The garden is a lot happier than it was a week ago – it’s amazing how a bit of rain will make things all perky again! Still hot and humid though! I think the word to describe the garden this week is ‘lush’ – rain, heat and humidity make foliage grow bigger and appear greener, flowers are brighter, bugs are buggier! As it’s Saturday, it’s time to join the Propagator‘s crowd and post pictures of six things now happening in the garden.
Last week I showed four different daylilies (Hemerocallis) that were in bloom. Here are three more. I’m particularly pleased, although not that impressed, with the first one. It’s a hybrid I developed myself, crossing H. Catherine Woodbury with a large deep, unnamed red one. It’s taken a few years to get the seedling large enough to bloom.
The tall Silphiums are blooming. First is Silphium perfoliatum – Cup plant. The main clump is about seven feet tall right now. I say ‘main clump’ because I tend to let the flowers go to seed, which are favoured by several small birds here, including finches. This plant self seeds like crazy though, and I have dozens and dozens of individual plants all over the large island bed they’re in. In the spring I try to pull or dig them out, but…
The second is Silphium laciniatum – Compass plant. Native to Ontario and a wide swath of central United States, the flower stalk can be much taller than me, and the huge leaves will align, some say, north to south to escape the hot mid day sun. Hmmm. Anyway, it’s very statuesque and certainly grabs your attention.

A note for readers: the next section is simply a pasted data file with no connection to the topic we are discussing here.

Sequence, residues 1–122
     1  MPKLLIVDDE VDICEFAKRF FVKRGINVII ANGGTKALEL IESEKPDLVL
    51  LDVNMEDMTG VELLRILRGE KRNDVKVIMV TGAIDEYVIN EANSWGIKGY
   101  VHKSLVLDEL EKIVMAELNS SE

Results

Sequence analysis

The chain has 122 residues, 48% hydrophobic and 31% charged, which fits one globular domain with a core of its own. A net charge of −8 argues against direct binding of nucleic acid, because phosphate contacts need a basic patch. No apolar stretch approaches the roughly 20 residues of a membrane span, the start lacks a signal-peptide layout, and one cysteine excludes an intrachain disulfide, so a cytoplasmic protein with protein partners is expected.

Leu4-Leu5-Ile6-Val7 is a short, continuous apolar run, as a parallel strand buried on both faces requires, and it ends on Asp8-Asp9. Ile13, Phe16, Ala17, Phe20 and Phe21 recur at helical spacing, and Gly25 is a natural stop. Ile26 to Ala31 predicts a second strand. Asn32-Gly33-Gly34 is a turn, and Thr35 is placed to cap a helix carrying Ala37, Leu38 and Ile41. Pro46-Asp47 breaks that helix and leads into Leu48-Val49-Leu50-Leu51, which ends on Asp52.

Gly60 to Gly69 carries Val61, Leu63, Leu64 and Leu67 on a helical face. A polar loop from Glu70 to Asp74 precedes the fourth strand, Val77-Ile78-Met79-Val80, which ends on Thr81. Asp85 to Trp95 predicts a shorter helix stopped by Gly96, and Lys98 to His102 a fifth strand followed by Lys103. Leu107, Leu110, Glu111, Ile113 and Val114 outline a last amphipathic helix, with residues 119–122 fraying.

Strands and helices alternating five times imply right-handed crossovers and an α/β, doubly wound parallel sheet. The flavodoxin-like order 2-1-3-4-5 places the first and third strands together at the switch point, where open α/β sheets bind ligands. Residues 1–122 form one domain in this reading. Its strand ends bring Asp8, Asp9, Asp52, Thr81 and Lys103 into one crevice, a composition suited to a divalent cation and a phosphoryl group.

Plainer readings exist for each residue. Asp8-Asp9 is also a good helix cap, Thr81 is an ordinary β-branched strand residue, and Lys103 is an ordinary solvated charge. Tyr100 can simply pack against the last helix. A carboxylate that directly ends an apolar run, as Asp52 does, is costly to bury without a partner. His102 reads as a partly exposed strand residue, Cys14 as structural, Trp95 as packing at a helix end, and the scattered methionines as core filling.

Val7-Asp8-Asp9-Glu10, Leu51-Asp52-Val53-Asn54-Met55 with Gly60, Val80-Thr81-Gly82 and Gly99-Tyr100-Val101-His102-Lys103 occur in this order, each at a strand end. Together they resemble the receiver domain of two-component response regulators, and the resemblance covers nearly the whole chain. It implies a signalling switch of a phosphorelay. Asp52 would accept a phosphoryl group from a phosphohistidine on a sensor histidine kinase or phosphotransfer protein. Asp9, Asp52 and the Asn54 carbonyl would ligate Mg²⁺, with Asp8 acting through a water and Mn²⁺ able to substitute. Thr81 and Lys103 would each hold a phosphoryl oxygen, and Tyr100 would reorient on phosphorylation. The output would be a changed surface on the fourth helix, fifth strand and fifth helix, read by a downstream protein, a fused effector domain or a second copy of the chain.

Clematis are having a great summer. Slower than usual to start blooming, perhaps because I traumatized the poor thing while transplanting it in the early spring, this purple C. Vitticella, Etoile Violette, looks kinda neat growing up the same tutoir as the red C. texensis Gravetye Beauty.
I had to harvest the garlic last Saturday. The foliage was half dead already, a few weeks early, and I wanted to get it out of the raised bed (most of my veggies are in some sort of raised bed because the soil is So Rocky) before the rain. Here’s what I got – many of the bulbs are smaller than usual (too dry) but I’m sure the taste will be as garlicy as ever!
Finally – I purchased last year a pot of lovely Sempervivum – Hens and chicks. The fleshy leaves are larger and redder than the more common, all green ones I have lots and lots of. It has sent up four flower stalks this summer (as well as sending out many ‘chicks’).
That’s it for me this Saturday. There are plans today to visit our local farmer’s market (now open, with physical distancing and masks, of course), do a bit of mowing (need to keep those weeds down) and attempt some tomato suckering. Generally taking it easy though, as humidex temperatures will reach 40 (104 f). Stay safe, everyone.